Lawmakers Drop Immigration Protections From Massachusetts Budget
By Christian M. Wade
Breaking a nearly three-week impasse, lawmakers agreed Wednesday to a $41.8 billion budget that jettisoned dozens of proposed policy changes that had snarled negotiations, including a plan to curb state cooperation with federal immigration crackdowns.
The spending bill, which was approved by House and Senate Wednesday, includes more state money for local governments and schools, transportation and substance abuse programs. It bumps up the state's reserve fund to nearly $2 billion without raising taxes or cutting public services.
A half-dozen House and Senate members met behind closed doors for weeks in an attempt to work out differences in two versions of the budget.
"This budget supports the most vulnerable among us and ensures that our economy grows for the benefit of all residents," House Ways and Means Chairman Jeffrey Sánchez, D-Jamaica Plain, told reporters at a briefing. "It also reflects our continued belief that we have a responsibility to be careful stewards of taxpayer dollars."
The House passed the budget 143-6. The Senate followed with a 36-1 vote.
Massachusetts was the last state to finalize a budget for the fiscal year that began July 1. Two weeks ago, Gov. Charlie Baker and legislative leaders agreed to a $5 million supplemental budget to keep state government running until the end of this month.
While their totals were not far apart, lawmakers were deeply divided over details and policy provisions tacked onto the spending bills. The final version does not include more than 150 policy changes including proposals aimed at protecting undocumented immigrants.
Among them was an amendment by Sánchez, incoming Senate President Karen Spilka, D-Ashland, and other Democrats that would have prevented state resources from being used to enforce federal immigration law and prohibited state and local police from inquiring about a suspect's immigration status.
The Senate included that provision in its version of the budget, but the House did not. Ultimately, the proposal was dropped.
Immigrant rights groups accused lawmakers of succumbing to "fear-mongering about 'sanctuary' policies."
"The Legislature had a prime opportunity to stand up for civil rights and human decency, and under political pressure from Gov. Baker and conservative Democrats, it backed down," Eva Millona, executive director of the Massachusetts Immigrant and Refugee Advocacy Coalition, said in a statement.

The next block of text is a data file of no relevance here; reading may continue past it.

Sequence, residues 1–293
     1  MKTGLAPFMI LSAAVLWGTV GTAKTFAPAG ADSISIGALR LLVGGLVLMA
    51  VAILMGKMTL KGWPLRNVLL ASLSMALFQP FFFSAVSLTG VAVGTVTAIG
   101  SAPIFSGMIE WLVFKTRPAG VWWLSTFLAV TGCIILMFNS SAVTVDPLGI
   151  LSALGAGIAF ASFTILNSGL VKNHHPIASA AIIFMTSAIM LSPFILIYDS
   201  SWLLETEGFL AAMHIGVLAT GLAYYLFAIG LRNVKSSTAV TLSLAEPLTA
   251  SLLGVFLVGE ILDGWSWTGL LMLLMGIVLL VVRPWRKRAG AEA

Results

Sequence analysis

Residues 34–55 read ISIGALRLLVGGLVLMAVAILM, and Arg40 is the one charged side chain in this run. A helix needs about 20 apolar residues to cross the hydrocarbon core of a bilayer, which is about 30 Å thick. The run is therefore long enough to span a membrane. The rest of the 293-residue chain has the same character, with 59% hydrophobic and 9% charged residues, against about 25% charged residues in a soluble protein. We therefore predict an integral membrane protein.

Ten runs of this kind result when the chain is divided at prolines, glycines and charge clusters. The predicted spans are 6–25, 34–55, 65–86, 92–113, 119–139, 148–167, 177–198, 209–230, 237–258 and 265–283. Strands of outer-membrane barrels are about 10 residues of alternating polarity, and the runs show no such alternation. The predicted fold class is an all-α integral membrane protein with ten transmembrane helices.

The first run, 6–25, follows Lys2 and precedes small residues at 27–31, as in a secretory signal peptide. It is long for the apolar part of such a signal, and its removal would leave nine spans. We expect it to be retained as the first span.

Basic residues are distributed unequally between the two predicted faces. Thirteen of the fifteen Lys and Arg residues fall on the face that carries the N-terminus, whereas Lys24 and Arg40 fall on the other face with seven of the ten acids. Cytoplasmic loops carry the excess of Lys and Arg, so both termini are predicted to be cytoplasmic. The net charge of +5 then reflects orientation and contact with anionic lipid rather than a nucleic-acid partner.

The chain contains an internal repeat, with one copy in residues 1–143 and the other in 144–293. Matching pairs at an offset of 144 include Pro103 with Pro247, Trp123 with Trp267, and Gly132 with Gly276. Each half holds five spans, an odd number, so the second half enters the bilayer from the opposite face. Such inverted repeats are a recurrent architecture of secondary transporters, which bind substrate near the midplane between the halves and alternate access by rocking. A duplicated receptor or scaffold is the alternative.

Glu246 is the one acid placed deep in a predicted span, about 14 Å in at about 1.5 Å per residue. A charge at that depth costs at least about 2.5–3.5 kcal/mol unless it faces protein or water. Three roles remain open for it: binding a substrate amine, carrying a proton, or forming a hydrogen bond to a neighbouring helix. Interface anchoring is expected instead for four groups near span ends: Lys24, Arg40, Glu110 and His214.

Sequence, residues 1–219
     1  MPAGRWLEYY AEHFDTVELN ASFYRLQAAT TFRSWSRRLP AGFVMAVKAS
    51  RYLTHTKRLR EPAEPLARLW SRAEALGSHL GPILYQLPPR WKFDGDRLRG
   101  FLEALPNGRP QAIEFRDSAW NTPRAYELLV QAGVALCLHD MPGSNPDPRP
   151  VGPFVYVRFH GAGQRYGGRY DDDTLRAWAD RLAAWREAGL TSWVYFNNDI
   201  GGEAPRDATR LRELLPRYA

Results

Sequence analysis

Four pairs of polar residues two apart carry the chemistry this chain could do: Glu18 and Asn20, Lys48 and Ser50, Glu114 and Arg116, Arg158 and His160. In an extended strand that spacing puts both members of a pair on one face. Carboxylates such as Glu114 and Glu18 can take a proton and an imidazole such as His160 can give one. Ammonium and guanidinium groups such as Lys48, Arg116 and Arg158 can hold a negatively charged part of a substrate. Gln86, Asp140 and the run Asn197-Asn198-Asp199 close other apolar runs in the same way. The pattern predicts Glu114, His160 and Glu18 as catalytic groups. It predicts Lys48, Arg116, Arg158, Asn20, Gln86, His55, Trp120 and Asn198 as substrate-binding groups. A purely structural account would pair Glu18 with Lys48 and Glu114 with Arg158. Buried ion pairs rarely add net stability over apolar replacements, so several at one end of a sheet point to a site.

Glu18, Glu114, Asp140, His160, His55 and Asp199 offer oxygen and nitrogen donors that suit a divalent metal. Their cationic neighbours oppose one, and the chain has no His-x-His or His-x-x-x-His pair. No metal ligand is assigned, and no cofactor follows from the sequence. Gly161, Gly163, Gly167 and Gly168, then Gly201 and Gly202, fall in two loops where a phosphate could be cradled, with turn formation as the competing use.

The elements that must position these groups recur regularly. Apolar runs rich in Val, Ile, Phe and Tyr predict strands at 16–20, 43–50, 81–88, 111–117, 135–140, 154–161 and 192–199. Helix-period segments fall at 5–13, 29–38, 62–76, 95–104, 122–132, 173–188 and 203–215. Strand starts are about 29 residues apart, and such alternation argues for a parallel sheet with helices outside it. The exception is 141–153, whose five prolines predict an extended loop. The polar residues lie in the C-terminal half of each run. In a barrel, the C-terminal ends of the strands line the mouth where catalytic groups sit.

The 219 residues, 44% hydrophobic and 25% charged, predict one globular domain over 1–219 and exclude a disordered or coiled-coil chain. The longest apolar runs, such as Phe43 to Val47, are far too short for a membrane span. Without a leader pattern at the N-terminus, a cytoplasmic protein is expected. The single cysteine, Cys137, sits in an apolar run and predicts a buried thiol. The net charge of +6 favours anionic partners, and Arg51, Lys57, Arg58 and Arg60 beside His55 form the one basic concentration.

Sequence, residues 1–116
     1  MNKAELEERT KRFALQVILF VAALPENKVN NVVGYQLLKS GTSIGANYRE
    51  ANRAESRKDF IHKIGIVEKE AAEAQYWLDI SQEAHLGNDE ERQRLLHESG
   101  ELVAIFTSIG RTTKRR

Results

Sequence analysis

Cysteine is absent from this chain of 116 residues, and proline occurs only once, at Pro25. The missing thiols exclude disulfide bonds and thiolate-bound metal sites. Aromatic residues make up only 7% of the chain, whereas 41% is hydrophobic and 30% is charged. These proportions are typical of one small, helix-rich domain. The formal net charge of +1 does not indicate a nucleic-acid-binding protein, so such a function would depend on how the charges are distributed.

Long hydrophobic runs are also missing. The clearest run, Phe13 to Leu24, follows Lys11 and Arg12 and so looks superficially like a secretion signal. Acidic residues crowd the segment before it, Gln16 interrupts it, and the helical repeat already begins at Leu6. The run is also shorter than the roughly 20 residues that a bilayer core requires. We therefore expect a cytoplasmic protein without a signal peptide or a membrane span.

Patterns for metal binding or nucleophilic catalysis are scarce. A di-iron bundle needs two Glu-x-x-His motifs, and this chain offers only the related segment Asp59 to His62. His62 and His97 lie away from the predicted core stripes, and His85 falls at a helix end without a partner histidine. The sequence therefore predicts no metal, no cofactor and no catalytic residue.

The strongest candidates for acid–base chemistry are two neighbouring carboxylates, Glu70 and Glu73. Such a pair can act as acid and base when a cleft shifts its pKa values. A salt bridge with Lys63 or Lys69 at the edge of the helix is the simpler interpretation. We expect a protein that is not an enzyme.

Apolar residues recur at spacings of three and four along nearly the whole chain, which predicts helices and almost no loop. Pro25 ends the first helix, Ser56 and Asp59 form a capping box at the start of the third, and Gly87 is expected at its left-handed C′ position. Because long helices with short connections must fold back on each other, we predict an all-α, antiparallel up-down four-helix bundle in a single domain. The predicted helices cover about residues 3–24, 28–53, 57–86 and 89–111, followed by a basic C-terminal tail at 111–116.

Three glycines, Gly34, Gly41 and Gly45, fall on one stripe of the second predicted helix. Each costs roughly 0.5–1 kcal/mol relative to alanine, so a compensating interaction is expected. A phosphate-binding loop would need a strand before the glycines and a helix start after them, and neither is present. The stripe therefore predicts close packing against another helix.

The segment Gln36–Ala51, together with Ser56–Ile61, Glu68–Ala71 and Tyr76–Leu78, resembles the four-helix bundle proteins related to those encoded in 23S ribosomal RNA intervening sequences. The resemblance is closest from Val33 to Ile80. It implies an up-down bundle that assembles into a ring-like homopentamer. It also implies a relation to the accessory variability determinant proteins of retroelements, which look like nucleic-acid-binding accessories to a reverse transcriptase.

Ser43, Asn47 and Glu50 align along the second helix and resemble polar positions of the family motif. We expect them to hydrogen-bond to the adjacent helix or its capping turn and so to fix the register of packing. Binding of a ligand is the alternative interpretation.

"The safety and well-being of tens of thousands of immigrant families will suffer as a result," she added.
Democrat Jay Gonzalez, who is seeking his party's nomination to challenge Baker in November, also criticized lawmakers for rejecting those provisions.
"Massachusetts needs to stand up and fight against these policies, not be complicit in them," he said. "We need elected leaders who will see the value of every single person and work to strengthen our communities, not weaken them."
Rep. Juana Matias, D-Lawrence, joined several Republicans in voting against the budget.
She cited the bill's lack of protections for immigrants.
"At a time when Donald Trump and the GOP are tearing apart families and terrorizing our immigrant communities, we in Massachusetts have the opportunity to fight back and stand with our immigrant neighbors," Matias said in a statement. "Instead ... the Legislature has caved into the fear mongering that has become all too common in our politics."
Overall, the compromise budget would increase spending by nearly $400 million over previous versions of the plan.
Unlike previous years, when the state has faced deep shortfalls, it ended the most recent fiscal year with a surplus of more than $1.2 billion.
Under the latest spending plan, education funding will amount to more than $4.9 billion.
Money for cities and towns will be more than $1.09 billion.
While the plan doesn't increase taxes, it calls for a new $2 fee on rental cars that would be used to fund municipal police training programs.
It also increases the state's earned income tax credit from 23 percent to 30 percent of the federal credit, which would help many low- to middle-income families, and it eliminates a practice of denying additional welfare benefits to children born to parents who are already getting assistance.
The agreement would also make daily fantasy sports permanently legal, though proposed rules and taxes are still being considered.
Lawmakers were given little time to review the budget. The final version was filed with House and Senate clerks Wednesday morning, leaving them only a few hours to thumb through the 331-page document before voting.
Senate Minority Leader Bruce Tarr sought unsuccessfully to delay a vote, saying lawmakers needed more time to review it. The Gloucester Republican voted for the plan but not before giving fellow senators an earful.
"It's taken literally a couple months to produce this document and it contains roughly $42 billion in state spending," he said in a speech in Senate chambers ahead of the vote. "We need sufficient time to understand all of the contents of the budget."
Baker now has 10 days to review the budget and make vetoes.
(c)2018 The Eagle-Tribune (North Andover, Mass.)